U.S. Markets close in 53 mins

What Can We Learn From CRH Medical Corporation’s (TSE:CRH) Investment Returns?

Simply Wall St

Want to participate in a short research study? Help shape the future of investing tools and you could win a $250 gift card!

Today we'll evaluate CRH Medical Corporation (TSE:CRH) to determine whether it could have potential as an investment idea. To be precise, we'll consider its Return On Capital Employed (ROCE), as that will inform our view of the quality of the business.

First up, we'll look at what ROCE is and how we calculate it. Second, we'll look at its ROCE compared to similar companies. Finally, we'll look at how its current liabilities affect its ROCE.

What is Return On Capital Employed (ROCE)?

ROCE is a metric for evaluating how much pre-tax income (in percentage terms) a company earns on the capital invested in its business. In general, businesses with a higher ROCE are usually better quality. Overall, it is a valuable metric that has its flaws. Author Edwin Whiting says to be careful when comparing the ROCE of different businesses, since 'No two businesses are exactly alike.'

How Do You Calculate Return On Capital Employed?

The formula for calculating the return on capital employed is:

Return on Capital Employed = Earnings Before Interest and Tax (EBIT) ÷ (Total Assets - Current Liabilities)

Or for CRH Medical:

0.10 = US$20m ÷ (US$212m - US$15m) (Based on the trailing twelve months to March 2019.)

Therefore, CRH Medical has an ROCE of 10%.

Check out our latest analysis for CRH Medical

Is CRH Medical's ROCE Good?

One way to assess ROCE is to compare similar companies. It appears that CRH Medical's ROCE is fairly close to the Healthcare industry average of 10%. Separate from CRH Medical's performance relative to its industry, its ROCE in absolute terms looks satisfactory, and it may be worth researching in more depth.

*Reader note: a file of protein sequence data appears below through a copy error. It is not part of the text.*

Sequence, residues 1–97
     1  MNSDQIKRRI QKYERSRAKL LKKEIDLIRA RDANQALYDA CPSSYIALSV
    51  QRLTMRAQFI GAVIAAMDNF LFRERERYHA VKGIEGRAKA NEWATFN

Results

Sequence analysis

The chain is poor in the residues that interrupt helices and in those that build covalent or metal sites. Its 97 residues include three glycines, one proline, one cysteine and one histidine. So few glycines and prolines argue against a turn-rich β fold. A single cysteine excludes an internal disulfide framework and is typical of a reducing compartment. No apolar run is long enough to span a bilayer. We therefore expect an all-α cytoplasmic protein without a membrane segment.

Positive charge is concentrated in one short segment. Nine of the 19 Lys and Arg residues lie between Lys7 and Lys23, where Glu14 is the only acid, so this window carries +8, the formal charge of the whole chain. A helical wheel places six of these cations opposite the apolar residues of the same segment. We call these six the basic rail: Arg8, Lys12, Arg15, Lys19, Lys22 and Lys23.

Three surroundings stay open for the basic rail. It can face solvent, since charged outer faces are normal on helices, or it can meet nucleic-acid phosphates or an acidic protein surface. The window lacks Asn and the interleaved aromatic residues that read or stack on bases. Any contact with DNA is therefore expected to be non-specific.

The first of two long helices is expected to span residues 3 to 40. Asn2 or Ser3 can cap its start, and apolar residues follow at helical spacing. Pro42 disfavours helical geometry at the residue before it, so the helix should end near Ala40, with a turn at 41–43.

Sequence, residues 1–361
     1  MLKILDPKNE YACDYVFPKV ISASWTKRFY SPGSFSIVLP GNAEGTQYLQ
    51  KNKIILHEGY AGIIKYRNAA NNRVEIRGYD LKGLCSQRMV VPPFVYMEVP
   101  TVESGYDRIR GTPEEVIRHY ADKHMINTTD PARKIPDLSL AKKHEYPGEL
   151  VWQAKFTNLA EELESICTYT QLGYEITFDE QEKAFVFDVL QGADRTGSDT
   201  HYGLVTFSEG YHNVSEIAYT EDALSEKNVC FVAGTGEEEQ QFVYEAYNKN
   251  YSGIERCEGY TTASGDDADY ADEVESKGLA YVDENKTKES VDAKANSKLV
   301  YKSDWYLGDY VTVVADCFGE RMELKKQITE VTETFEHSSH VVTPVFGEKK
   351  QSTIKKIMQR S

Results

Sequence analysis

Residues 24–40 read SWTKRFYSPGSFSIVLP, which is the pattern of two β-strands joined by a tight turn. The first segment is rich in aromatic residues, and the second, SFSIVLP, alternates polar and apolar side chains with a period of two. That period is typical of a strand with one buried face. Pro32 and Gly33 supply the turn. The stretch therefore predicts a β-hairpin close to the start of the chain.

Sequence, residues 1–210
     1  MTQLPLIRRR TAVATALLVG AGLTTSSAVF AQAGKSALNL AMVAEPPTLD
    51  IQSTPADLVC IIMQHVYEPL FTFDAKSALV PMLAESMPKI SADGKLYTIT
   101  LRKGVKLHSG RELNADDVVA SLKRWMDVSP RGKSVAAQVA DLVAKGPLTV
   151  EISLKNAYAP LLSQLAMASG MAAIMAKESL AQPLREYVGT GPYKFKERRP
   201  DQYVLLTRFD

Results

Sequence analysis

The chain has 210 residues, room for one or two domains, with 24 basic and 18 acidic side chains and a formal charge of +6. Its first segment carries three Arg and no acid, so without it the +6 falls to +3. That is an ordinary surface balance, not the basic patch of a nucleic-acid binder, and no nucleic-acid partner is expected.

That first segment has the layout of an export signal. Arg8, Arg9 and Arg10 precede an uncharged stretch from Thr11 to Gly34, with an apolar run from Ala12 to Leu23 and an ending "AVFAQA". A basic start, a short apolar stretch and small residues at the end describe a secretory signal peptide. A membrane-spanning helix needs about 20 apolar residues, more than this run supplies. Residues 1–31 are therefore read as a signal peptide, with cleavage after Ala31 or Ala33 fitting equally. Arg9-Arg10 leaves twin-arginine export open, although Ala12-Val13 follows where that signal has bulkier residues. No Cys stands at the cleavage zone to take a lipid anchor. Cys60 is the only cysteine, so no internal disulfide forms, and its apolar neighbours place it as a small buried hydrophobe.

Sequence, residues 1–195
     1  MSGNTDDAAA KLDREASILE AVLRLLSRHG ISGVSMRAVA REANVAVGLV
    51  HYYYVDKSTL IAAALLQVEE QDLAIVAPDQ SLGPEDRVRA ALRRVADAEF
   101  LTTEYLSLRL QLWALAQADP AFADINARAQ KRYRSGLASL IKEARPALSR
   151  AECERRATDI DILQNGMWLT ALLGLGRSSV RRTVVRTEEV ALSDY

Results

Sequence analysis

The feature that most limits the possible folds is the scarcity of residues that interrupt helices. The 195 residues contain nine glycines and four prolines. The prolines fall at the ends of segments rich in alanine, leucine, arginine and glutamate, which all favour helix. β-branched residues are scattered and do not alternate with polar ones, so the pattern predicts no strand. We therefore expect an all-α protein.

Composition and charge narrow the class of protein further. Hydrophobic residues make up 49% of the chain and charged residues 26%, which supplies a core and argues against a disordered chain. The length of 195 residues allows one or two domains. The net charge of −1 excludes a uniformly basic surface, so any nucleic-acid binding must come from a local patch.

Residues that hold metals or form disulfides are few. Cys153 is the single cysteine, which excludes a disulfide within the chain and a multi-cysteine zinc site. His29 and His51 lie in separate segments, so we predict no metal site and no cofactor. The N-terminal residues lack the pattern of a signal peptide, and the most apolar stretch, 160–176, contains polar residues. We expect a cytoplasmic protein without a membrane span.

CRH Medical's current ROCE of 10% is lower than 3 years ago, when the company reported a 15% ROCE. This makes us wonder if the business is facing new challenges.

TSX:CRH Past Revenue and Net Income, June 19th 2019

It is important to remember that ROCE shows past performance, and is not necessarily predictive. ROCE can be deceptive for cyclical businesses, as returns can look incredible in boom times, and terribly low in downturns. This is because ROCE only looks at one year, instead of considering returns across a whole cycle. Since the future is so important for investors, you should check out our free report on analyst forecasts for CRH Medical.

CRH Medical's Current Liabilities And Their Impact On Its ROCE

Current liabilities include invoices, such as supplier payments, short-term debt, or a tax bill, that need to be paid within 12 months. The ROCE equation subtracts current liabilities from capital employed, so a company with a lot of current liabilities appears to have less capital employed, and a higher ROCE than otherwise. To check the impact of this, we calculate if a company has high current liabilities relative to its total assets.

CRH Medical has total liabilities of US$15m and total assets of US$212m. Therefore its current liabilities are equivalent to approximately 7.0% of its total assets. Low current liabilities have only a minimal impact on CRH Medical's ROCE, making its decent returns more credible.

What We Can Learn From CRH Medical's ROCE

This is good to see, and while better prospects may exist, CRH Medical seems worth researching further. CRH Medical shapes up well under this analysis, but it is far from the only business delivering excellent numbers . You might also want to check this free collection of companies delivering excellent earnings growth.

If you are like me, then you will not want to miss this free list of growing companies that insiders are buying.

We aim to bring you long-term focused research analysis driven by fundamental data. Note that our analysis may not factor in the latest price-sensitive company announcements or qualitative material.

If you spot an error that warrants correction, please contact the editor at editorial-team@simplywallst.com. This article by Simply Wall St is general in nature. It does not constitute a recommendation to buy or sell any stock, and does not take account of your objectives, or your financial situation. Simply Wall St has no position in the stocks mentioned. Thank you for reading.